Pingu: A miniature wearable device for ubiquitous computing environments - Embedded.com

Pingu: A miniature wearable device for ubiquitous computing environments

Touch sensing surfaces have evolved the way that humans interact with computing devices for years. Touch screens allow humans to interact with computers directly by fingers in more natural way instead of using the traditional user I/O devices like keyboards, and mice.

Despite tremendous progress in developing touch-based technologies, this form of human-computer interaction (HCl) depends primarily on the human factors such as size of users’ fingertips.

While many computing devices are continuously decreasing in size, their touch screens interface cannot be scaled smaller due to the surface area required for user interactions. On the other hand, touch-based interactions occlude parts of the display screen that reducing the usability of the computing devices.

To address these limitations, Around Device Interaction (ADI) techniques have been recently introduced that provide possibility of extending interaction space beyond the physical boundary of the computing devices.

However, most of the current ADI systems are restricted to the immediate space around the devices and support only 1D or 2D gesture commands that prevent the user to interact with smart environments in more natural ways. On the other hand, users are required to perform hands or body movements in the direct line of sight of sensors (e.g. Kinect).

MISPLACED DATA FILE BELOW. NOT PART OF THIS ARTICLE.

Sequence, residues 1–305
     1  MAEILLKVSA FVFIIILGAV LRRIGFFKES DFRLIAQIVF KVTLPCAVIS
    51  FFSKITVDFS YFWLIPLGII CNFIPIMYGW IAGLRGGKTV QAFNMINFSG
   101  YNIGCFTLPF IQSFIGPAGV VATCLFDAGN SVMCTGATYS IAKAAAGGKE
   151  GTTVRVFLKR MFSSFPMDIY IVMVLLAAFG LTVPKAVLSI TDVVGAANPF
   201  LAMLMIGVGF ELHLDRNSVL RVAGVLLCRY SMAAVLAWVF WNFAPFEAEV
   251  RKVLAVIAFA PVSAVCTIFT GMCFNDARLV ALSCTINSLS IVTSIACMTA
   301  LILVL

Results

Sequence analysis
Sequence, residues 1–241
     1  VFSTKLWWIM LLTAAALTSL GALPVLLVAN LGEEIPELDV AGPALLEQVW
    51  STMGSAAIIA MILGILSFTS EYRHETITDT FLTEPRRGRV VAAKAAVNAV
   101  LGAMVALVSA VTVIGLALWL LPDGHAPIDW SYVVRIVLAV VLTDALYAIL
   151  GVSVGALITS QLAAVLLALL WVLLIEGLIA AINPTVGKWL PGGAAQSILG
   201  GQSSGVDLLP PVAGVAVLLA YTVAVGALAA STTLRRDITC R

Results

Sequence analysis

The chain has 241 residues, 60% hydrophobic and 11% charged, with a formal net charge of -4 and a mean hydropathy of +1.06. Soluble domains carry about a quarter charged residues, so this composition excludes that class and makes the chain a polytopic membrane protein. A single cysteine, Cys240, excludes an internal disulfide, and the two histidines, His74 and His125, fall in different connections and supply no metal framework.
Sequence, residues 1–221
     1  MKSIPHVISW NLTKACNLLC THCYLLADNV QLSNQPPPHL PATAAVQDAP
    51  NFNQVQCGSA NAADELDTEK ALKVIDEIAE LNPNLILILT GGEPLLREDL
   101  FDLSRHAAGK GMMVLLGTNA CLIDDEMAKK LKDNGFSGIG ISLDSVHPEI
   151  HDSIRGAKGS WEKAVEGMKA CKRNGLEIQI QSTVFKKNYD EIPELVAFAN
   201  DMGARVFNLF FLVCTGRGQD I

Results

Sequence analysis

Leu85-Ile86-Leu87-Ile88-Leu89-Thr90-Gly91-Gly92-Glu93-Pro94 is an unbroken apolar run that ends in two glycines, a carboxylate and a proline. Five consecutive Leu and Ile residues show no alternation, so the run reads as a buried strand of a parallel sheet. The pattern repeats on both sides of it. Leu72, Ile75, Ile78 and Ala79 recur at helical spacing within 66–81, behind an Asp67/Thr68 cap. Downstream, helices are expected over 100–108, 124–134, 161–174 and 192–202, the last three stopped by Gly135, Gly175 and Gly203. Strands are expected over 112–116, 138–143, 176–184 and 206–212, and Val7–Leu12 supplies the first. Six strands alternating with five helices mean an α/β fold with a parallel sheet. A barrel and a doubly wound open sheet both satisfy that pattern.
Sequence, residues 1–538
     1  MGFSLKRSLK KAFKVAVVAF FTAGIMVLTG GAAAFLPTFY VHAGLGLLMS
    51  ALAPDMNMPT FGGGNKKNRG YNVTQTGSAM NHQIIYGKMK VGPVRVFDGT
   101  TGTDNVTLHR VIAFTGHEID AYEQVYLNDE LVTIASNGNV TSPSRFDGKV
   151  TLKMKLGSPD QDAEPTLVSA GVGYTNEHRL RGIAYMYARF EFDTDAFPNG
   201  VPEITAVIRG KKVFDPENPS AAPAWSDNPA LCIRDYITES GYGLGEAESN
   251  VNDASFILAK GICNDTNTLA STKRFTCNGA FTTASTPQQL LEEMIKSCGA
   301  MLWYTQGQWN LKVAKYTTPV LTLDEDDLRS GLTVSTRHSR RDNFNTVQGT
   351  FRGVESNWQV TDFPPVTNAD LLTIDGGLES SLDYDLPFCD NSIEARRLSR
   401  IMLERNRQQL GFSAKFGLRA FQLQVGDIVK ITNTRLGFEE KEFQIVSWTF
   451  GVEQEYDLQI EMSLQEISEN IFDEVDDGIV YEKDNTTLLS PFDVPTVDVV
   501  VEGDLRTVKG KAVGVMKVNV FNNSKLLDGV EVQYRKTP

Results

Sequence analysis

In this paper, we introduce a new ADI input device called Pingu in the form factor of a fingering that allows users to interact with any nearby computing device with wireless connectivity in a ubiquitous environment.

Fingering form-factor is chosen for our prototype design, as it is socially acceptable and is commonly worn in everyday social contexts, and based on the previous research, the information entropy of interaction by fingers is greater than the entropy for any other parts of the human body.

The current Pingu prototype is consisted of an extensive set of sensors, visual and vibro-tactile feedback mechanisms with wireless connectivity that make it a unique input device for human-computer or human-human interaction in the form of gestures, tactile and touch.

Its usage can range from advanced, tiny and novel gestural interaction with a variety of devices to mobile and networked sensing, and social computing. We present a few potential applications of Pingu such as social interaction, context recognition, in-car interaction, and physical activity analysis.

To read this external content in full, download the complete paper from the author archives online at CSIRO ICT Centre ..

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